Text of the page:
We all know the "limited but obvious" reasons for contributing to the 529 plan(s).Many reasons for NOT funding a 529
include (these are NOT necessarily universally applicable, depends on income brackets, life-stages;
These reasons mostly appeal to medium/middle/upper-middle/low income families:
(*including a few reasons listed by 'ThankYouJack')
- Not getting a state tax deduction from the 529 (this is a big reason! In states with NO income tax, means no tax deduction is applicable!)
- Nobody talks about this, though may sound silly: there is NO matching-contributions made by employers, Feds, States or other entities. Hence, these is NO additional incentive/motivation towards 529 contributions (or at least let govt contribute: American opportunity tax credit or something to sweeten 529-deal)
- would lose flexibility if the money is "tied" up ONLY for education reasons - Granted we could always give this money away to other college kids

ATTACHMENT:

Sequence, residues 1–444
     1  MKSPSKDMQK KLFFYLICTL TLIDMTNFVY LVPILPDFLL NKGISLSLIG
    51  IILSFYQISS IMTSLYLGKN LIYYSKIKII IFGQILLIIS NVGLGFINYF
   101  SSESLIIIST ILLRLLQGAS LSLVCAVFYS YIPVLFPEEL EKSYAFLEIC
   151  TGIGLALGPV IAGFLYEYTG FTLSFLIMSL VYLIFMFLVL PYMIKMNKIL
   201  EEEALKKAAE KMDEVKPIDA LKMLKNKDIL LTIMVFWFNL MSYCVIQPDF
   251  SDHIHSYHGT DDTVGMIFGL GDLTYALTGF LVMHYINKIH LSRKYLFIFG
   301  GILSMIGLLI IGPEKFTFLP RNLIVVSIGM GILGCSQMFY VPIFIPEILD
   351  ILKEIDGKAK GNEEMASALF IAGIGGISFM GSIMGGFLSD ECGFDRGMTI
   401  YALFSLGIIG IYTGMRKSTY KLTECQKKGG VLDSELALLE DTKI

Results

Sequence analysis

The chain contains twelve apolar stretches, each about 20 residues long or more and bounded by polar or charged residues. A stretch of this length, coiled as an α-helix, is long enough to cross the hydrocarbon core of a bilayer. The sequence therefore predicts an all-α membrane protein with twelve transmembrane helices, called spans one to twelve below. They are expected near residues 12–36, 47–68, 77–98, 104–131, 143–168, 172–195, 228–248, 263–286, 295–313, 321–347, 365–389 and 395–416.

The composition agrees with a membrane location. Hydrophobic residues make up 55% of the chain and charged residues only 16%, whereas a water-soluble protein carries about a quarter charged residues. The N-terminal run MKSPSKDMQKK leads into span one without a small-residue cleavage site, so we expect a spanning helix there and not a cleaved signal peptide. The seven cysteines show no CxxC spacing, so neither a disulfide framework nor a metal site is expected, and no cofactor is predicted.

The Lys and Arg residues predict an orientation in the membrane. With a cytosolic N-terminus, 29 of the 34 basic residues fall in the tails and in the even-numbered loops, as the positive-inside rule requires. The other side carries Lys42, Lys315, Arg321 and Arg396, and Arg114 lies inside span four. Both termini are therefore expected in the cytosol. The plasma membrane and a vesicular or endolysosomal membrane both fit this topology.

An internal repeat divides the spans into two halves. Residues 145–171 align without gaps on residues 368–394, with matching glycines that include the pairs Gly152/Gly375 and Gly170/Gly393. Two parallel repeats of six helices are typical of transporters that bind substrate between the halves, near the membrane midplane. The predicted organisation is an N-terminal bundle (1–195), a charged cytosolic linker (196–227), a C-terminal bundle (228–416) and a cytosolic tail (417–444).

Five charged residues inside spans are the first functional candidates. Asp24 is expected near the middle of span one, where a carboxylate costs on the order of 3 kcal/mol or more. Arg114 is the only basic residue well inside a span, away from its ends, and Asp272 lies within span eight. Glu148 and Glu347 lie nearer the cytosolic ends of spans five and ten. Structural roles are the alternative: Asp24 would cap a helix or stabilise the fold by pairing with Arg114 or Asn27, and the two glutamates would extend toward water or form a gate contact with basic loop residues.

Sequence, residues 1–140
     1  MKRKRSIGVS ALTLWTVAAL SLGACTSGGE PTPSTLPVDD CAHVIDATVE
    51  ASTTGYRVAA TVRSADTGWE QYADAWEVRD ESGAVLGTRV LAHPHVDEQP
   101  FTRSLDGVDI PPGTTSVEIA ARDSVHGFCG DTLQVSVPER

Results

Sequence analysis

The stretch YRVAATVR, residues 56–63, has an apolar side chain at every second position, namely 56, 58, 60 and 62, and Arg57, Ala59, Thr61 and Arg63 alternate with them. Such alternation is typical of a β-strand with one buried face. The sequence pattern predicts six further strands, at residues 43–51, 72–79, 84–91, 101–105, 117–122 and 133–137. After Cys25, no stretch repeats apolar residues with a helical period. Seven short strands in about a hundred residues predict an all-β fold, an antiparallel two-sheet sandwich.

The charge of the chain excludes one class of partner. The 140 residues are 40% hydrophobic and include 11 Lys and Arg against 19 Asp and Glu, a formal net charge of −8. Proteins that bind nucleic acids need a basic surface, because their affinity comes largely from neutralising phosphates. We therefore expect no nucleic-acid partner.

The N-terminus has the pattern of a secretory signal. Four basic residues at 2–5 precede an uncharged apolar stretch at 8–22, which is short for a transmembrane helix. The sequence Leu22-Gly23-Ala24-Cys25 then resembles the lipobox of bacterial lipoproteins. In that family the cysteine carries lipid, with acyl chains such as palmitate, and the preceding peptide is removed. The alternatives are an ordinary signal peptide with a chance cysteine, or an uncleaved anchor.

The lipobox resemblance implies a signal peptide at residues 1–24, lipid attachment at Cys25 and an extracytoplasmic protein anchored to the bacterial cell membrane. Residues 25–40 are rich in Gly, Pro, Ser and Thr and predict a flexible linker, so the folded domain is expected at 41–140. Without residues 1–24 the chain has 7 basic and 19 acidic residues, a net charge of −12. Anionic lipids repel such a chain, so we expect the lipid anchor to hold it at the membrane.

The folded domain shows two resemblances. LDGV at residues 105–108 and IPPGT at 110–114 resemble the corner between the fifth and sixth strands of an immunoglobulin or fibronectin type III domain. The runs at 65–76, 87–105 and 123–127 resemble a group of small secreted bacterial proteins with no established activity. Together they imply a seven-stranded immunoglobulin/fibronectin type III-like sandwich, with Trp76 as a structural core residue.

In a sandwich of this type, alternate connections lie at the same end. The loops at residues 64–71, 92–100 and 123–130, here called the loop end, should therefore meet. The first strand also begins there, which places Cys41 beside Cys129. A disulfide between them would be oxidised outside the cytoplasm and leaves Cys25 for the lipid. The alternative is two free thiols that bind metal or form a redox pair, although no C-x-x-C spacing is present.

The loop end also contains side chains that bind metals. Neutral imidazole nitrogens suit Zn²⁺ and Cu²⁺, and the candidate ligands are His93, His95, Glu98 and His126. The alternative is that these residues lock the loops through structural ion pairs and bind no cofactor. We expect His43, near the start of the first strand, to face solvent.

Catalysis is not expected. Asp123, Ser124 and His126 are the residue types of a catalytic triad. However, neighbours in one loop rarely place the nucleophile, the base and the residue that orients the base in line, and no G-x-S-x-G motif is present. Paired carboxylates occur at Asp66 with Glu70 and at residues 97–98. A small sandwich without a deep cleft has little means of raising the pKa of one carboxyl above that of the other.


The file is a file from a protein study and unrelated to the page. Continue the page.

- would be paying a considerably higher ExpenseRatio/ER in limited funds offered in 529 plans (some 529 plan high ER is 1.13% !; where as typical Vanguard ETFs carry 0.09%)
- would not be getting some of tax credits for the college payments if the 529 is overly/fully funded
- It could negatively affect financial aide for the kids (and it could affect FAFSA loans, loan-rates too!)
- would NOT be able to tax loss harvesting or donating shares which had large-gains
- the 529 withdrawls NEGATIVELY affect other tax credits (Earned income tax credit, American Opportunity Tax Credit etc) http://blogs.wsj.com/totalreturn/2015/0 ... ax-credit/
- Low/medium income household better benefit from American Opportunity Tax Credit,
Deduction using Lifetime Learning Tax Credit (LLTC).
The LLTC allows greater benefit due to reduction in AGI
(reduced AGI could lead to other tax benefits -
Child Tax credit, Eeaned Income Tax Credit, allowing IRA-contribution
or allowing other passive-income/depreciation deductions etc)
Ref: https://www.edvisors.com/education-tax- ... -benefits/
- what if the amount grow too much (due to contributions and market growth), and if your kid(s)